A person who is ill or injured may go into shock. Shock happens when the vital organs do not get enough oxygen-rich blood. Shock is a life-threatening condition.
Be on the lookout for a shock when providing care for any injury or sudden illness, or when someone has been involved in a serious incident (even if he or she is not badly injured). Shock is often caused by significant fluid loss, for example, diarrhea and vomiting. This is especially true in children, who can become dehydrated more easily.
Other causes of shock include the following
- Significant blood loss
- Heart damage
- Extensive burns
- Severe infection (e.g., septicemia)
What to Look For
The following are signs and symptoms of shock
- Cool, clammy skin
- Skin that is paler than normal
- Excessive thirst
- Rapid breathing
- Drowsiness or loss of responsiveness
- Nausea and vomiting
What to Do
The best thing you can do when a person is in shock is to call EMS/9-1-1. While you are waiting for EMS personnel to arrive, provide care by
- Caring for the cause of the shock.
- Having the person rest.
- Keeping the person warm.
- Monitoring the person’s ABCs.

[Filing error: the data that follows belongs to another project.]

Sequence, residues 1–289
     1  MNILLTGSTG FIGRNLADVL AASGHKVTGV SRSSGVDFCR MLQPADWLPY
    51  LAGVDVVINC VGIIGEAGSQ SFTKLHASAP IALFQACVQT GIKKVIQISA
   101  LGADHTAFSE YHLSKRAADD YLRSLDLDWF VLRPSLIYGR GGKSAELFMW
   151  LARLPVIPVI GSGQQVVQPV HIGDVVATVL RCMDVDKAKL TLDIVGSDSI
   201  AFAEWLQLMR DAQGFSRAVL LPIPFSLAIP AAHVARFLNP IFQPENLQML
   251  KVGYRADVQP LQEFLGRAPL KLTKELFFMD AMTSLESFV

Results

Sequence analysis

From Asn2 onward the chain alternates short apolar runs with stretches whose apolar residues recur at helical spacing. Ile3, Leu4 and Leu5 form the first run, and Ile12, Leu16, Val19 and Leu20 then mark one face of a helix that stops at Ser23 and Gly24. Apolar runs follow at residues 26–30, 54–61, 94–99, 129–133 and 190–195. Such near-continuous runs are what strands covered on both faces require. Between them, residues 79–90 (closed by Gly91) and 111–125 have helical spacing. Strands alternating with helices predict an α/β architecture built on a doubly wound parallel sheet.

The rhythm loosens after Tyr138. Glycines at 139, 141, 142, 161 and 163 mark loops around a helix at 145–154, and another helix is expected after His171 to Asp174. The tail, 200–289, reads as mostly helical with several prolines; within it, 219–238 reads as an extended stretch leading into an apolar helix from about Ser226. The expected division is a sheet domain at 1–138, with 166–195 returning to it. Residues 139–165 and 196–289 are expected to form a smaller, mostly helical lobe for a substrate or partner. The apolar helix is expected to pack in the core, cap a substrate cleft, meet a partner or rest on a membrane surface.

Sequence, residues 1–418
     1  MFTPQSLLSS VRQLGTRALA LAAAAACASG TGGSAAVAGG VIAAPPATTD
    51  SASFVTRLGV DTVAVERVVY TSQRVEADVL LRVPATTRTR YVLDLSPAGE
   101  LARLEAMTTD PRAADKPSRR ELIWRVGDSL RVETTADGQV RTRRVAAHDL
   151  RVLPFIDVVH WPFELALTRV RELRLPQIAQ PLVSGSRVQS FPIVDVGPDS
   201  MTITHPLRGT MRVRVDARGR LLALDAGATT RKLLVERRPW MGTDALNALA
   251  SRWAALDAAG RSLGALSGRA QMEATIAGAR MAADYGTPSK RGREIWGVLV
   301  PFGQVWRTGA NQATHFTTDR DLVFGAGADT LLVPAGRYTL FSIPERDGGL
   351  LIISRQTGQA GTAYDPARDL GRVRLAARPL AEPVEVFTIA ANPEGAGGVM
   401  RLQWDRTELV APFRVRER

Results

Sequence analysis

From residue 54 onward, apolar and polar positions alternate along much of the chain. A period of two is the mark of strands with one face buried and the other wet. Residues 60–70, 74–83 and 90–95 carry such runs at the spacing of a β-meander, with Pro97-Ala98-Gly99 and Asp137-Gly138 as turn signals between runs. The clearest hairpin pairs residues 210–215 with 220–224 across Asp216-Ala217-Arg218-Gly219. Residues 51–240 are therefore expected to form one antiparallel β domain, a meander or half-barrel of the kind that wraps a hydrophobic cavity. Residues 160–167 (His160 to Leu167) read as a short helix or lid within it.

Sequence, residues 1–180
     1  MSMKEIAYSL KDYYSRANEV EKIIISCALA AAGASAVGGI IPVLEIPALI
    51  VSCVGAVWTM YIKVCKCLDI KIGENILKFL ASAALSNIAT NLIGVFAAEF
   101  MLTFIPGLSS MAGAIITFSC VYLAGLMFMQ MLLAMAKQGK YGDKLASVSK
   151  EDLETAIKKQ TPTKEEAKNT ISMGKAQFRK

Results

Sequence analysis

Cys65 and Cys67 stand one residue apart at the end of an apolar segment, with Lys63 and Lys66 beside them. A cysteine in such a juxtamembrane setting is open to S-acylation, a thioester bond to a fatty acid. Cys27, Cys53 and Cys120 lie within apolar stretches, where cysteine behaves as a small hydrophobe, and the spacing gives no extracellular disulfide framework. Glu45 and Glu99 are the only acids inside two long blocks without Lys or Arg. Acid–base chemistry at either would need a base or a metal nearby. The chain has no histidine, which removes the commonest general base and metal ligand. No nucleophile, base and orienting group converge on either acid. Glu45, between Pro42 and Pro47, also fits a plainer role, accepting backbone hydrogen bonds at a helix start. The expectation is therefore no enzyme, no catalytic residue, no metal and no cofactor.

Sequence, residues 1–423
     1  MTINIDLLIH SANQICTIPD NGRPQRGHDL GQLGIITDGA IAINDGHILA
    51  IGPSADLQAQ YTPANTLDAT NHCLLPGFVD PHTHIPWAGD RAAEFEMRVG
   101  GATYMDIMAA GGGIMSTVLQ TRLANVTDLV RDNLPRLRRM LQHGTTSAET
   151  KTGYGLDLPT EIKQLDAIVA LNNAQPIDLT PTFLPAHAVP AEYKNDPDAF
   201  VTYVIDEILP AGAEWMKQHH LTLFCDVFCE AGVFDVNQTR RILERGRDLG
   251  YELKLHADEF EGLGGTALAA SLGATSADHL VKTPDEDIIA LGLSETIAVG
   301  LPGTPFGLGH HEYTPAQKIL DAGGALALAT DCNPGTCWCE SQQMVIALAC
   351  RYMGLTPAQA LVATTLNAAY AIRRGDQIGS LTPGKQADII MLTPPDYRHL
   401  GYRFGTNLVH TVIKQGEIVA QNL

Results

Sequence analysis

- Providing comfort and reassurance.
Providing First Aid for Someone with a Disability
It is not uncommon to feel intimidated when providing first aid to a person who has different abilities, because there is often uncertainty about how to care for the person. Remember that people are more similar than they are different, both physiologically and psychologically, and most aspects of first aid care do not vary from person to person.
Remember that a person’s particular needs may not be visible and that the person (or the person’s direct caregiver) is the best source of information about his or her unique situation. If you are unsure, ask what you can do to help. The person is likely to appreciate your consideration.
General Tips for Providing First Aid to a Person with a Disability
Remember the following tips when providing care for a person with any type of disability.
- As with all first aid, you need permission to help and should explain what you intend to do. These basic principles do not change because the person has different abilities.
- Avoid stereotypes and make no assumptions about what abilities the person has or does not have. Remember that not all disabilities are visible.
- Be confident and reassuring.
- If you cannot understand what the person is saying, politely ask him or her to repeat it.
- Don’t touch or speak to service animals. They are working and have to pay attention at all times.
- Get permission before touching assistive devices, including wheelchairs.